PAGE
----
Monument Series 2: plumbing the depths, and the archaeology of the archaeologists, at the Roman Baths in Bath.
Earlier this year I had the great privilege to meet one of the greatest archaeologists of the modern era, Professor Sir Barry Cunliffe, during my work with Cotswold Archaeology, who were working with Bath and Counties Archaeological Society (BACAS) and The Roman Baths Museum on the Archway Project. The project aims to create a new Learning Centre and a World Heritage Centre by revealing parts of the bathing complex that were hitherto inaccessible by the public.
The area, which currently lies immediately to the south of the area open to the public (specifically the Kings Bath and Circular Bath) was originally excavated by the Victorians, who created a warren of cellars in the spaces below York Street and Swallow Street. The Roman archaeology, which includes a dry sweat room (Laconicum), plunge pools and a possible running track or exercise area in the southern part of the bathing complex, was exposed and noted at the time, but not recorded to modern standards. Since then a number of small archaeological excavations have been carried out, the most notable by Professor Sir Cunliffe from 1963 onwards.
Cotswold Archaeology were commissioned by the Roman Baths Museum to work with volunteers from BACAS to make the first comprehensive record of all of the structures and archaeological deposits within the space. The working included re-opening some of the earlier archaeological trenches, and removing some intrusive modern deposits, to check the accuracy of some of the earlier records and to answer a number of questions regarding the layout and use of this part of the baths. Laser scanning and 3D photography (photogrammetry) techniques were also used to make highly accurate 3D models of the space as it was found in 2018.
I was lucky enough to be managing the project for Cotswold Archaeology, and during the course of the work invited Professor Sir Cunliffe back to the site to discuss the context of his earlier work, and his thoughts on the new discoveries we had made, including a fragment of a previously unseen mosaic adjacent to one of the early plunge pools, and a series of compact sand layers that may represent evidence for a covered running track or exercise area. The Roman Baths Museum followed the progress of the work keenly, and commissioned a film crew to record Professor Cunliffe’s visit for posterity. Here’s what happened when we talked to him: https://youtu.be/vBOArQ_lRSg
The Roman Baths Museum also commissioned a series of educational films documenting the archaeological process, which will be used in the new Learning Centre.
The brick cones once synonymous with the glass industry that thrived in Bristol from the late 17th century have now all but disappeared. In fact, this example from Prewett Street, near St Mary Redcliffe Church, represents the only remnant of the historic industry that survives above ground, and yet extraordinarily is the site which we know least about. Now a restaurant, attached to a hotel, by 1812 it was used as part of H and T Proctor's fertilizer factory. However, its origins, ownership, and what types of glass were made here are not known. The cone structure itself, which first appears on a map of 1780, was reduced to the tops of the annealing arches in its conversion to a restaurant in the 1960s - the form which you can see it in now.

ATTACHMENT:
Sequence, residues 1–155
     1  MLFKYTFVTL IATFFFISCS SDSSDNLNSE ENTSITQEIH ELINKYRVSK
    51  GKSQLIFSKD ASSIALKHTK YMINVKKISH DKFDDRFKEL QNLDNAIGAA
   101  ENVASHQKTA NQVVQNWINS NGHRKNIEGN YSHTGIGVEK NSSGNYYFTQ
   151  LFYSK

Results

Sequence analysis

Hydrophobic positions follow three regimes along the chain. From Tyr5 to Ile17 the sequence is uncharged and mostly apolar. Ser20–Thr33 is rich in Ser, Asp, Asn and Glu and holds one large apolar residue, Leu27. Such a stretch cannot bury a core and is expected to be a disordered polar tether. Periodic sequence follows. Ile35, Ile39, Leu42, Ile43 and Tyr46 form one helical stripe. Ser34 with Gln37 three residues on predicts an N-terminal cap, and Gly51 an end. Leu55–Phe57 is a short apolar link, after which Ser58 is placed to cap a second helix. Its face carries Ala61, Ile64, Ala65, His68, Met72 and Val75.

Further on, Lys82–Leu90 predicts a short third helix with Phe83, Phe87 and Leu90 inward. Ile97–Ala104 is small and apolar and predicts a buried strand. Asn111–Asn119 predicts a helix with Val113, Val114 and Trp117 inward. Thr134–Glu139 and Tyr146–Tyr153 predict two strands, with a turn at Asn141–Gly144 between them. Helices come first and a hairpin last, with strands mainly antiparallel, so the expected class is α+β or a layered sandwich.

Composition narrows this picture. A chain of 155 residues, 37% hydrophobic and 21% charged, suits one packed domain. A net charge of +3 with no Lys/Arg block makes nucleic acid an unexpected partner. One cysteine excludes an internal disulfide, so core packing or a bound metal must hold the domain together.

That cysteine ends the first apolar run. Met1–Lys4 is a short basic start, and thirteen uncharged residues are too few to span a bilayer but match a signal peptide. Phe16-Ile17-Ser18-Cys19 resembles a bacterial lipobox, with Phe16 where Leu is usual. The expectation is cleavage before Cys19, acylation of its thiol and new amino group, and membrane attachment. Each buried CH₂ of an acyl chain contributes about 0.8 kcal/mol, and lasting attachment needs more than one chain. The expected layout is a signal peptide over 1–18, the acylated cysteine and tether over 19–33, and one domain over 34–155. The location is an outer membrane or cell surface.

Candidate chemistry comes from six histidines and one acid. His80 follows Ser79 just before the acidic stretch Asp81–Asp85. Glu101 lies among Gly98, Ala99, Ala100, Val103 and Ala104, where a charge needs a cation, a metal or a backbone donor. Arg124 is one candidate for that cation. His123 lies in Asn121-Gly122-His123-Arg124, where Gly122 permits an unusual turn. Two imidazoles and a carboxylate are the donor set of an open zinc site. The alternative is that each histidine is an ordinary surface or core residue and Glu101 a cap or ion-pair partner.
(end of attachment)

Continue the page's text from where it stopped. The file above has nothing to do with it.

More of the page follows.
Numerous factors brought the glass industry to Bristol in the 17th century, including the ready availability of coal to fire the furnaces, raw materials such as sand, limestone, red lead and kelp either locally sourced or imported (the latter already coming in from Ireland for soap making), and the strong established trade links from the port. Trade in glass bottles and window glass was established before the end of the 17th century with New England, Virginia, Portugal, Spain and northern Europe. The importation of sugar, on which Bristol came to depend, led to a growth in liquor distilling and this, together with existing trades in wine and locally produced beers and ciders, provided ready markets for glass bottle manufacturers. The deepening and widening of the River Avon to make it navigable to Bath by 1727 also stimulated further interest in glass making in Bristol, enabling the manufacturers to supply bottles, drinking vessels and window glass safely to ready markets in Bath. By the 1720s there were at least twelve glasshouses in the City, and before the end of the century at least sixteen had been established. However, the impact of wars with France and America, and the eventual declaration of independence by the latter, saw the Bristol glass industry contract to about a quarter of its previous size by the end of the century, and the consolidation of much of it by Jacob Wilcox Ricketts, who brought together a number of the Bristol glasshouses and continued manufacturing glass into the 19th century. In this context, the reasons for the demise of the Prewett Street site for glassmaking by 1812 seem clear, and make its survival all the more remarkable. However, its origins and history remain, for now, shrouded in mystery.
References: Bristol Know Your Place website; Witt, Weeden & Schwind 1984: Bristol Glass. Published by Bristol Museum and Art Gallery.